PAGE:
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The many levels of Hell’s Kitchen

March 18, 2011

My good friend David agreed to cook and blog with me. He is a university biology professor and has  many published articles and books. He also happens to be a fellow geek and I know from first hand experience that he is an excellent cook. [FYI: Fellow Geeks is the name of my They Might Be Giants cover band.]

Crispy Salmon with Caramelized Shallots, Lemon, and Bacon

Roasted Carrots


“An hour and a half to cook, ten minutes to eat” – Kira

Mike invited me to help out with his trek through the many levels of Hell’s Kitchen, and I was happy to oblige.  Cooking can be loads of fun, especially with the right company, the right recipe, and the right amount of alcohol.  Luckily, all three components were of the very finest for this adventure.

The day started out with a morning trip to the best local bookstore – DreamHaven in south Minneapolis.  While not absolutely necessary for success in cooking, getting great reading material (signed copies of the new Patrick Rothfuss book for Mike and I, Spider-man and Doctor Who for Max) sets a good tone for the rest of the day.  Oh, we also made a slight detour to Coastal Seafoods to pick up wonderful salmon steaks, too.  At our request, the helpful staff skinned it and cut it into seven fillets for the evening meal.  Initially Mike requested six fillets, but that didn’t seem quite right to me, and so I asked him if Mel wasn’t going to be eating salmon (due to her occasional vegetarian tendencies).  He reconsidered and asked for seven fillets instead.  Apparently at that time of the morning neither Mike nor I can remember how many offspring we have (three for him, one for me), as there were going to be eight for dinner.  {Even if Mike forgets one of his kids, he’s still got two, but it’s pretty bad if I forget my only daughter!  Thus, I maintain that it was entirely Mike’s mis-counting, and not mine at all…}

The recipe preparation went smoothly – no forgotten ingredients and a general agreement about order of preparation.  We peeled and chopped a couple of pounds of carrots, coated them lightly with olive oil and salt, and started roasting them in a shallow pan in the oven.

Breading the salmon also went well.  We discovered that the polenta-breadcrumb coating can best be mixed with a potato masher, which furthered Mike’s unspoken goal of dirtying as many kitchen items as humanly possible in the process of cooking a meal.

Once the salmon was breaded, we chopped bacon and shallots for the sauce.  Mike and I both agreed that onions and their relatives were only okay, as food goes, but we were willing to cook with them for the sake of the recipe.  Hah!  Foolish mortals!  Little did we know how silly these comments would sound later.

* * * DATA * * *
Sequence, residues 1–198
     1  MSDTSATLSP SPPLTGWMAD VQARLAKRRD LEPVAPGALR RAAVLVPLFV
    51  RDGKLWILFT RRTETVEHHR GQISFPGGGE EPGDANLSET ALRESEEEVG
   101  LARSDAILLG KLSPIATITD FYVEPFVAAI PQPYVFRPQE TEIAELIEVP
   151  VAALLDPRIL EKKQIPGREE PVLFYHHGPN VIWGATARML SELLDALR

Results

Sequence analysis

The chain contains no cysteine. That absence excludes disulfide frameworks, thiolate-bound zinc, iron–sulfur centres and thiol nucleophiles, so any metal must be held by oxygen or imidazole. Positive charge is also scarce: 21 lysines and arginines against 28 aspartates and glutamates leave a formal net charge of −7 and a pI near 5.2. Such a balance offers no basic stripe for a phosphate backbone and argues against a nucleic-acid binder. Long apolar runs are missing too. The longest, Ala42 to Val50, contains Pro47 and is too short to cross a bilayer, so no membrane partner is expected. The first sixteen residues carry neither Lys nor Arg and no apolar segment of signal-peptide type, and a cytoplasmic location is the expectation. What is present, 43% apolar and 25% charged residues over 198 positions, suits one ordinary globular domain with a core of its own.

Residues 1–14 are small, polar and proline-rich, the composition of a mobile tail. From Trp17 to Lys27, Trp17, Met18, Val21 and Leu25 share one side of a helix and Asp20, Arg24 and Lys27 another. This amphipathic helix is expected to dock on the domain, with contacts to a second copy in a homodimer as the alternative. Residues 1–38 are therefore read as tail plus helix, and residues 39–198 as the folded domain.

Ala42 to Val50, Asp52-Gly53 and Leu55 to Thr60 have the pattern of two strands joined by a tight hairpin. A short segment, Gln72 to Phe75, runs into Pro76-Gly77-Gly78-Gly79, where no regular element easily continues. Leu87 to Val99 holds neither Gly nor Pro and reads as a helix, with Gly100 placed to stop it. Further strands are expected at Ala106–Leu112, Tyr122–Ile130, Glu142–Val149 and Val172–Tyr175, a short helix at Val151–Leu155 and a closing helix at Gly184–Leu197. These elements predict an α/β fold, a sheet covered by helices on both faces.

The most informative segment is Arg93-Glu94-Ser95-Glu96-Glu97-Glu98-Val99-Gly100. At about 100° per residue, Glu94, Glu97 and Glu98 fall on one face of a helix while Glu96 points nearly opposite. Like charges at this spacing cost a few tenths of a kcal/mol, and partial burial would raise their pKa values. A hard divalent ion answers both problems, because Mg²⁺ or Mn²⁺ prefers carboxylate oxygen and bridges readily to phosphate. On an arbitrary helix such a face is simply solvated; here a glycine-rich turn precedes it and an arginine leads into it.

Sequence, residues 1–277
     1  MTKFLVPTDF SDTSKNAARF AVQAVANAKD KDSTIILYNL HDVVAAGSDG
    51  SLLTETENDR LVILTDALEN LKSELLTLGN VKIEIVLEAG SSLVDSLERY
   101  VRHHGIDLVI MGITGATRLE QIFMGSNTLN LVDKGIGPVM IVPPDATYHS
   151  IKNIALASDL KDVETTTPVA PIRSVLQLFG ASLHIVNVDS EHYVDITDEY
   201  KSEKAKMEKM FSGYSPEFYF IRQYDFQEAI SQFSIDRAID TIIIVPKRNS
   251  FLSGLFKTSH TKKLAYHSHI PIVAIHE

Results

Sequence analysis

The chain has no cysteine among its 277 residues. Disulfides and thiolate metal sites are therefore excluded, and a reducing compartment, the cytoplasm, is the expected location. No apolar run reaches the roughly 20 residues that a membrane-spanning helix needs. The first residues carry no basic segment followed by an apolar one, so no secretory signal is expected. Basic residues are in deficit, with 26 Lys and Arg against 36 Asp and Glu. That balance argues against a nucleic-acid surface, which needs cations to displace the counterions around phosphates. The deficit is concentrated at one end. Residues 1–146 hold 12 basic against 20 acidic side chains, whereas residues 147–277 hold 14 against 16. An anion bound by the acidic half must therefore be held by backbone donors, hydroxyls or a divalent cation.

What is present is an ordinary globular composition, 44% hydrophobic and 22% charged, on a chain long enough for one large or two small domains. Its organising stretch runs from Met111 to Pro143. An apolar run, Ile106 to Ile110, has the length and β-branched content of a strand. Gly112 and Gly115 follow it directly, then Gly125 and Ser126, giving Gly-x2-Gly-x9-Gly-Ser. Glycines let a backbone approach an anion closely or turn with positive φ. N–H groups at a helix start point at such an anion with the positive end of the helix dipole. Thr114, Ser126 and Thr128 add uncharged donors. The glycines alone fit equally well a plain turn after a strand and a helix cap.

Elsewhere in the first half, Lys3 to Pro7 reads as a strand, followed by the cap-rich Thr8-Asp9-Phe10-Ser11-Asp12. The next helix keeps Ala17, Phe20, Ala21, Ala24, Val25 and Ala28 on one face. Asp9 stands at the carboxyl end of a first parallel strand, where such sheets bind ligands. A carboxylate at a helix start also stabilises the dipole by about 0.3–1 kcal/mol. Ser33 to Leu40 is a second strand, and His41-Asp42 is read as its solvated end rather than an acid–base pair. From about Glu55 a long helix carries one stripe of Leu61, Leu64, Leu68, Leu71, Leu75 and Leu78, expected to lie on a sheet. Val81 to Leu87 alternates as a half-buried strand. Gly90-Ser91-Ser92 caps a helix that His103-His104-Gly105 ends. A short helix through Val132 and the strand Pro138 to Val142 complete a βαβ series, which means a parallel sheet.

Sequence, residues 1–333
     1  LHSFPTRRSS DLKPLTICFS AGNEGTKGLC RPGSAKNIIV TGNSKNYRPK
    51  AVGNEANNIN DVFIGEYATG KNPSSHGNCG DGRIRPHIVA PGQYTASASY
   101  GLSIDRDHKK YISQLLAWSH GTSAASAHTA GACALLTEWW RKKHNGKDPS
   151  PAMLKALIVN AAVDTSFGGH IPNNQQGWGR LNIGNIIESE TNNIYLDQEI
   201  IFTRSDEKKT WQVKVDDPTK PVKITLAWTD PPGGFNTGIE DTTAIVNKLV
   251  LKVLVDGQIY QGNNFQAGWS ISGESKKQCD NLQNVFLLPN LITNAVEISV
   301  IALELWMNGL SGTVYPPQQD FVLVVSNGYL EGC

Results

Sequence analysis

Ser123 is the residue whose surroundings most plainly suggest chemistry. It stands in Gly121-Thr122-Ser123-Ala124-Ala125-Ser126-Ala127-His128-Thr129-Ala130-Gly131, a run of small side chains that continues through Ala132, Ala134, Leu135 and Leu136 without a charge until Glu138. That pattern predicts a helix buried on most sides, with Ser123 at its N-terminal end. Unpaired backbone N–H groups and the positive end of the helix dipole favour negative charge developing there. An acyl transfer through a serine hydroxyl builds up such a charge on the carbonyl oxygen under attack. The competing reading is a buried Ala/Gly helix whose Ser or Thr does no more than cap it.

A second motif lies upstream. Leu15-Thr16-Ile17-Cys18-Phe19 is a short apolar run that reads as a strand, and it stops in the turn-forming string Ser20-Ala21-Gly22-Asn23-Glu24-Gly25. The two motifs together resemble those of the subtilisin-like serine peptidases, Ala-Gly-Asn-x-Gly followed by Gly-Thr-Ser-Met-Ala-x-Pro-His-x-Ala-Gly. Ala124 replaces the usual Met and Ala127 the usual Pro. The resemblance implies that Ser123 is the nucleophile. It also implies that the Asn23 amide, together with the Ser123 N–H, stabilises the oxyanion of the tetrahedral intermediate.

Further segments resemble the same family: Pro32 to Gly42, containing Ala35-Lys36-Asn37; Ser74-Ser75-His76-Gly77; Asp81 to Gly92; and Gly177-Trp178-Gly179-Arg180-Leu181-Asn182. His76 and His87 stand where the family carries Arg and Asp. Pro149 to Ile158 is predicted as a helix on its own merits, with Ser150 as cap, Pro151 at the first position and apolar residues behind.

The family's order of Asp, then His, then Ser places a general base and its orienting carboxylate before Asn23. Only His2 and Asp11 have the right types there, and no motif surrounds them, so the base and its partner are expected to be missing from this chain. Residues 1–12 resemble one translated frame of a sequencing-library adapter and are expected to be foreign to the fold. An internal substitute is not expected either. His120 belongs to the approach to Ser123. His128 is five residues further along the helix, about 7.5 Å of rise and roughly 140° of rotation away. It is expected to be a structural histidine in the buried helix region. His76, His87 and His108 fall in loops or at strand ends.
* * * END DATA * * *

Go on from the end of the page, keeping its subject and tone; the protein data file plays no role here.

We seared the salmon briefly, in three groups to fit into Mike’s pan (I had brought an extra salmon steak with me from home to make up the missing one, after I realized our inability to count), and then popped them into the oven to finish cooking.

At this point, we deviated from the book’s directions – we cooked the bacon, followed by the shallots in the bacon fat, at the same time as the salmon fillets, rather than sequentially as directed, because we didn’t want the salmon to sit too long.  That alteration worked out nicely.  The roasted carrots, salmon, and bacon-shallot sauce were all finished at about the same time.  Unfortunately we hadn’t remembered to do anything about the couscous side dish… but thankfully it only takes a few moments to prepare couscous.

The salmon was excellent, but the bacon-caramelized shallot sauce (with lemon juice, lemon zest, and balsamic vinegar) made the meal.  If you use this recipe, feel free to increase the amount of the sauce that you make – your guests won’t object!  Mike and I recalled our earlier comments about shallots with a bit of chagrin.  Both side dishes complemented the main course perfectly.  A crisp white wine went well with the salmon, and provided a suitable counterpoint to the bacon-shallot sauce.  We finished off the meal with a dessert of chocolate and raspberry sorbets.  Afterward, to end the evening the adults had a bit of the vanilla-infused rum that I made back in the Fall.

All in all, even the notoriously picky Dante would have been happy with the meal to be had at this particular level of Hell’s Kitchen.

2 Comments leave one →
  1. Kira permalink
    March 18, 2011 8:28 pm

    I knew it! Damn Good Cooking = Damn Good Mess in the Kitchen!


  1. You’ve Lost That Campin’ Feeling « The Mike/Mitch Project

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